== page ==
The pietistic impulse of individual Christians is one area. For example, a desire for personal holiness confuses how we are to interact with a fallen, sinful political system. This column at is representative:

“And at the very time I was praying these prayers and having God pull the curtains back in my own heart and mind, I was watching the Evangelical church make a jagged, desperate turn away from many of the values we had always espoused, and in which I still believed. We were the original authors of the ‘Character Counts’ mantra. But in a hot minute, I watched that core belief give way to a wholesale devotion to ‘The Ends Justify the Means.’

This is a misunderstanding of Lesser Evil voting. It isn’t a consequentalist move where The Ends Justify the Means. Rather, it is a move to apply God’s highest principles to political behavior.

Put another way, Character Counts, but it counts less than sinful public policies.

Christians are committed to God’s principles. That binds how we must vote. However, it gets complicated in the real world.

What happens when only bad people are on the ballot? Should we ignore the election? Should we pretend it doesn’t matter if a pro-abortion, pro-infanticide Party governs?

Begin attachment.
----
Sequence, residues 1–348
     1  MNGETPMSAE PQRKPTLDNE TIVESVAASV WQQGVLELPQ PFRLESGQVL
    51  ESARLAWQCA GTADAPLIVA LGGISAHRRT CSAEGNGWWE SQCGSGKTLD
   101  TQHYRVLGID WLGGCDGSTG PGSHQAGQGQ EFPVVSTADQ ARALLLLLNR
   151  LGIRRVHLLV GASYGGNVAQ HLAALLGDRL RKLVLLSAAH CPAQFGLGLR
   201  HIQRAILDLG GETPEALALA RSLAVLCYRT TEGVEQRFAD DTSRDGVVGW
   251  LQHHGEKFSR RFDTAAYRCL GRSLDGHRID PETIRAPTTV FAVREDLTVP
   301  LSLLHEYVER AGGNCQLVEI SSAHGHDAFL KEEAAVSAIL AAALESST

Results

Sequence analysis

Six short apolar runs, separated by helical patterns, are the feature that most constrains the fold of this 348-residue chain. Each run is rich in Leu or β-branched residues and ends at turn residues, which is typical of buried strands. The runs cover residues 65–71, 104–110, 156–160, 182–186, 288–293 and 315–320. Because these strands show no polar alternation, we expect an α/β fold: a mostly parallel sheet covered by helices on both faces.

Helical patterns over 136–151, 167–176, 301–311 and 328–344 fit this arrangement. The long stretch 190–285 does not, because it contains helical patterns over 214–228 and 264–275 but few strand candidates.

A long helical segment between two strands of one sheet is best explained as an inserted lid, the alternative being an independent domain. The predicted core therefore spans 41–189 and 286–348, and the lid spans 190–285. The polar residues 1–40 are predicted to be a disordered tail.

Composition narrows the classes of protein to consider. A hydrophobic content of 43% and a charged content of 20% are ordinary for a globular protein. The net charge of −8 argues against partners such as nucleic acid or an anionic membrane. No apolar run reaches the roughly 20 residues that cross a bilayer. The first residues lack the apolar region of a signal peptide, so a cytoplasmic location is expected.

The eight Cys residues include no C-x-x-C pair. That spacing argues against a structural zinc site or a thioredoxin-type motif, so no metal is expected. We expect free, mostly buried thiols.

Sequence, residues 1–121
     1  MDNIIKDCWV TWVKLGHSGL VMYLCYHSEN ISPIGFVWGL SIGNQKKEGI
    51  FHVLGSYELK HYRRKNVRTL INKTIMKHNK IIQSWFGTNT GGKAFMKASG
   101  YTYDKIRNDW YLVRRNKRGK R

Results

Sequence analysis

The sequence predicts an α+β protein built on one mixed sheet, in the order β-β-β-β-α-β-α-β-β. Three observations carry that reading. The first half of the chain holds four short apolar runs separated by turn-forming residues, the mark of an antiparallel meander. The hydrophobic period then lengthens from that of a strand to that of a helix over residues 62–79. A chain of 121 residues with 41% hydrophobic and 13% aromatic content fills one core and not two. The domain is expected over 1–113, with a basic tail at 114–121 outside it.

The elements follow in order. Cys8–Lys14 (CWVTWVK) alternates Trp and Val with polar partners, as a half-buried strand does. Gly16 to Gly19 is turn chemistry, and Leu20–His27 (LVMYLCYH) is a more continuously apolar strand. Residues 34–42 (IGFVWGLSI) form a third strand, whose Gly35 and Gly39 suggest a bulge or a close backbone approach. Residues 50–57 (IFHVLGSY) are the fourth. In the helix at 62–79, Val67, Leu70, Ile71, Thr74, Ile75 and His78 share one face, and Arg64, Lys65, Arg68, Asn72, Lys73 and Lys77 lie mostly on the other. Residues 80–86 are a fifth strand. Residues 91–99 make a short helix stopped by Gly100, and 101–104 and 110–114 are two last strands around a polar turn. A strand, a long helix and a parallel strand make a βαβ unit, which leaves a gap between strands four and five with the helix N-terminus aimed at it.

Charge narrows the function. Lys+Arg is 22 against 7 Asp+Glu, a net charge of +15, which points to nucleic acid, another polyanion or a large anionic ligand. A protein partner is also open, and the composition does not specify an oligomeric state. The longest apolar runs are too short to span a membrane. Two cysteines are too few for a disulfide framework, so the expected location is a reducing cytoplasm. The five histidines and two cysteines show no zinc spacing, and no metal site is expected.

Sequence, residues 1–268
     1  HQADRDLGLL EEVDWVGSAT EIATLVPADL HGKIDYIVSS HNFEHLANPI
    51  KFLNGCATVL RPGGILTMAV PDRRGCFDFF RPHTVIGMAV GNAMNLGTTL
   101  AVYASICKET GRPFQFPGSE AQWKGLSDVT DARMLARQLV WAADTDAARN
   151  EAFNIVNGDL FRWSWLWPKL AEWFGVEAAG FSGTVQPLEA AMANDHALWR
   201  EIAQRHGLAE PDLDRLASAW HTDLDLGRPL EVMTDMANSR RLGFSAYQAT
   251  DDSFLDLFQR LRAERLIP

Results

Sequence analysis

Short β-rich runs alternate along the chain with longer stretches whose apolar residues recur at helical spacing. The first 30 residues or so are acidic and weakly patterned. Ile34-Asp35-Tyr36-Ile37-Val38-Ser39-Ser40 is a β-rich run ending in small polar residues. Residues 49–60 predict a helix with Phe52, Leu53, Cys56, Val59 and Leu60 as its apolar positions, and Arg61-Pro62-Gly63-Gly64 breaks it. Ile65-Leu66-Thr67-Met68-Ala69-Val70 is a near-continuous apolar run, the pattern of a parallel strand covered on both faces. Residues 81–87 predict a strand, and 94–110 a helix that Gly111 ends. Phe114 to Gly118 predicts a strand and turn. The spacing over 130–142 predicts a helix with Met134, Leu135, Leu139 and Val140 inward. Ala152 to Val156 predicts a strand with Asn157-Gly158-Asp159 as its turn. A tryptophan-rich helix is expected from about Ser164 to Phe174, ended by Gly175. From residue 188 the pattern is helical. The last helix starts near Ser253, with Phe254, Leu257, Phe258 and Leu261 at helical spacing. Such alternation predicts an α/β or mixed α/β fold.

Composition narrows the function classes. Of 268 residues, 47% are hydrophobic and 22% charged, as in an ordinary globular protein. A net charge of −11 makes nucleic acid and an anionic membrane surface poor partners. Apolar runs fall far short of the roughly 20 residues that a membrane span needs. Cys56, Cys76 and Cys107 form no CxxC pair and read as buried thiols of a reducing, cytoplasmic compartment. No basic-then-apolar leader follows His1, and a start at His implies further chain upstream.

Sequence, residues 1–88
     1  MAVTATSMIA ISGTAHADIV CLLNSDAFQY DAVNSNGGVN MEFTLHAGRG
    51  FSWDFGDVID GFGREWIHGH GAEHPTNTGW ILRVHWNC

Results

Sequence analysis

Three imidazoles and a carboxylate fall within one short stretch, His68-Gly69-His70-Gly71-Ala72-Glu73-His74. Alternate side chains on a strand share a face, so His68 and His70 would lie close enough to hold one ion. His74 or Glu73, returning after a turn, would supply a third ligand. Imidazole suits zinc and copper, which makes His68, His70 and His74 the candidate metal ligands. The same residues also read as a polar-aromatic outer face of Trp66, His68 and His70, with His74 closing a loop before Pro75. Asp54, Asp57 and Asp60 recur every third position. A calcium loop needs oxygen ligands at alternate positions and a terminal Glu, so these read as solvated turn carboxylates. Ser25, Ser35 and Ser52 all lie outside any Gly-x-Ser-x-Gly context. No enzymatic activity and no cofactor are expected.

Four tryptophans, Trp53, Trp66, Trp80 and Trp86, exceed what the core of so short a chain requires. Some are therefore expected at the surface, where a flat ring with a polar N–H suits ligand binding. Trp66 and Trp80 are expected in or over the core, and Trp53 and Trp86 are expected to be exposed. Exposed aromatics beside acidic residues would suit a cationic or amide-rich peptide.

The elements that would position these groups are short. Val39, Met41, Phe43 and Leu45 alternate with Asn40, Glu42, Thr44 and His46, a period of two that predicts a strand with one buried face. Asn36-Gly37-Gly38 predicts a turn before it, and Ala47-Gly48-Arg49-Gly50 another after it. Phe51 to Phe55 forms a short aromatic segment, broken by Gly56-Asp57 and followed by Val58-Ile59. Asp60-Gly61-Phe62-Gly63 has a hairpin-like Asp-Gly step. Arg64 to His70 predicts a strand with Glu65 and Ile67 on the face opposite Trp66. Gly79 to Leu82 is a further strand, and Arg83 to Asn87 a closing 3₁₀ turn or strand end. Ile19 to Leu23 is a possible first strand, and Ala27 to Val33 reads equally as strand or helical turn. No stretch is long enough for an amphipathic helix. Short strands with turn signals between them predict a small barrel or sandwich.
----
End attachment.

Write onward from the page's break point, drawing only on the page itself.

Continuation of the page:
This is where Christians must apply common sense. Martin Luther said reason was key to human government. God gave us reason. We must use it. The great apologist Dr. Norman Geisler explained that when moral duties conflict, God expects us to obey the higher command. He makes a strong biblical and philosophical case for this in his book on Christian ethics.

Applying this to politics is helpful.

The prime duty of government is the protection of life. God ordained it for this purpose. Christians should help government fulfill God’s mandate for it.

Abortion is the taking of innocent life.

Therefore, abortion should be the primary issue for Christian voters.

All other issues are secondary.

That doesn’t mean other issues are not important. They are. However, our duty requires us to focus on higher moral obligations before lesser obligations and preferences.

Keeping this in mind, clarifies how Christians must vote in the 2020 Presidential Election. Simply, a Christian cannot cast a vote for or allow the election of a Democratic candidate. That requires the Christian to vote for the Republican candidate.

Anything less would be a dereliction of duty.

That isn’t the Ends Justify the Means. This is obeying God’s Word. Government should fulfill His plan. And the protection of life is our Christian duty.

One thought on “Christians are confused about politics, faith”

  1. If you agree that Christian Americans deserve better. Please help us launch the #USChristianChallenge. It’s Simple. Every time a politician violates Christian values or encourages fellow Americans to do so or we experience a national catastrophe, we counter evil by doing a good deed. “Putting A Smile Back On The Face Of Christianity.” “No Good Deed Is Too Big Or Too Small.” Please share your good deed stories with us. & &